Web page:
We're living in an alternate political universe of brazen lies and grotesque online spectacles of incivility. Who - or what - is to blame for trolling going mainstream?
Documentaries are vital vehicles for explaining the world.
Reports of facts' death have been greatly exaggerated. Effective communication jettisons the false dilemma in favor of a more holistic view of how people take in new information on contentious topics.
The global food system has been operating in post-truth mode for decades.
People are hardwired to dismiss opposing views as 'fake'.
Pundits have been keen to link post-truth to post-modernists, post-positivists or any other 'postie'. They should turn their energy to forming a real popular front against Trump's faux populism.
Rationality doesn't bring people together to make change happen – but powerful stories do.
Populist movements are on the rise. Their supporters distrust the establishment, elites, authority and official sources. The post-truth world is a post-expert world.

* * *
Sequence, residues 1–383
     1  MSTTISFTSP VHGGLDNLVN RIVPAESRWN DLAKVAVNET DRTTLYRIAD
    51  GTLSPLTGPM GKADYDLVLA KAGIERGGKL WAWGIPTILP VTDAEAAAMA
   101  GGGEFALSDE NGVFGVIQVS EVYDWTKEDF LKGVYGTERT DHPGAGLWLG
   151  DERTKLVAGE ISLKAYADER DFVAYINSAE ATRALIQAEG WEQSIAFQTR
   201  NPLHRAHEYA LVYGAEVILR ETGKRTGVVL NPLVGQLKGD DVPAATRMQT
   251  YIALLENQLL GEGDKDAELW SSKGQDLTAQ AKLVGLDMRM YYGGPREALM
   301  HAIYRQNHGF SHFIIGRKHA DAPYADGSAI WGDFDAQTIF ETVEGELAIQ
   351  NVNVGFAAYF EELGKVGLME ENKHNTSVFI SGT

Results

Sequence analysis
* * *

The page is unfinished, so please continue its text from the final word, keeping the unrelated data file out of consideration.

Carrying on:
Beneath simple labels like post-truth, alternative facts and fake news is a complex set of issues. Any debate about the problems needs to start from some common points of reference.
Insisting that science has a monopoly on the truth invalidates dissent and undermines what should be an open dialogue between science and society.
Despite the claims of populist politicians, academics and experts can drive positive social change.
As Solzhenitsyn saw it, simple truths are always a threat to totalitarianism.
It needn't end this way.
If you want to know how to spin alternative facts, just ask the PR gurus who kept the world smoking.
From mistrust in experts to fake news, it has never been more important for scientists to talk directly to the public.
Whether the ubiquity of fiction has devalued truth or enhanced morality has been in doubt for over 2,000 years.
How to define the public role of universities in the age of post-truth populism.
Alternate realities don't just exist in politics – and not all falsehoods are lies. Distortions of the truth can range from a normal part of human nature to pathological.
Our need for unbiased, well-researched information has never been greater.
Barney Glover says the post-truth era is a challenge for universities.